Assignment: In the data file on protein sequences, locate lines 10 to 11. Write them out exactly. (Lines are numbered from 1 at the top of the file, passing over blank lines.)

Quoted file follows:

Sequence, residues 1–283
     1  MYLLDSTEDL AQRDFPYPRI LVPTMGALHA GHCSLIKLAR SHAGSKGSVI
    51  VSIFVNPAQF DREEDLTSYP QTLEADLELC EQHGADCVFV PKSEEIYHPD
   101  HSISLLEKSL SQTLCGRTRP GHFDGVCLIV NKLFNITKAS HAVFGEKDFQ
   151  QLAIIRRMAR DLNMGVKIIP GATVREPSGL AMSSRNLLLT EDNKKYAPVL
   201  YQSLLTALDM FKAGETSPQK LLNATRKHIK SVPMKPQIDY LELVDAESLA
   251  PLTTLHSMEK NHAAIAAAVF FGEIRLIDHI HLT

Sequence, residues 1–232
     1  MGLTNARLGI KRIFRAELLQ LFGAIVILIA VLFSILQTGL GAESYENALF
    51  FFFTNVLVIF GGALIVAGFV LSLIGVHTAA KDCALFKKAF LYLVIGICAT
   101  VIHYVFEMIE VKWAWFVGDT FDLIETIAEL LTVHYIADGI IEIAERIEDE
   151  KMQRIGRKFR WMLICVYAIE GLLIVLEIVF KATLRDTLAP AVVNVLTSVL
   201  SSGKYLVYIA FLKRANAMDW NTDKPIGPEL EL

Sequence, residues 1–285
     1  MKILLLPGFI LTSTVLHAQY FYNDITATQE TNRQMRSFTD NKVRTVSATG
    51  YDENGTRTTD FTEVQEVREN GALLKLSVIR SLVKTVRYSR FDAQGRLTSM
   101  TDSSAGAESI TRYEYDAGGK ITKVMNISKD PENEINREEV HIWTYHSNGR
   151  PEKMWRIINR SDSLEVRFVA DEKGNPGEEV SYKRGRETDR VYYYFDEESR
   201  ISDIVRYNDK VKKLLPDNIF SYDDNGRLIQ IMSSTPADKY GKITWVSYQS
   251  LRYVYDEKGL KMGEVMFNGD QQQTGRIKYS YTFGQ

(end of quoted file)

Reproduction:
    51  FFFTNVLVIF GGALIVAGFV LSLIGVHTAA KDCALFKKAF LYLVIGICAT
   101  VIHYVFEMIE VKWAWFVGDT FDLIETIAEL LTVHYIADGI IEIAERIEDE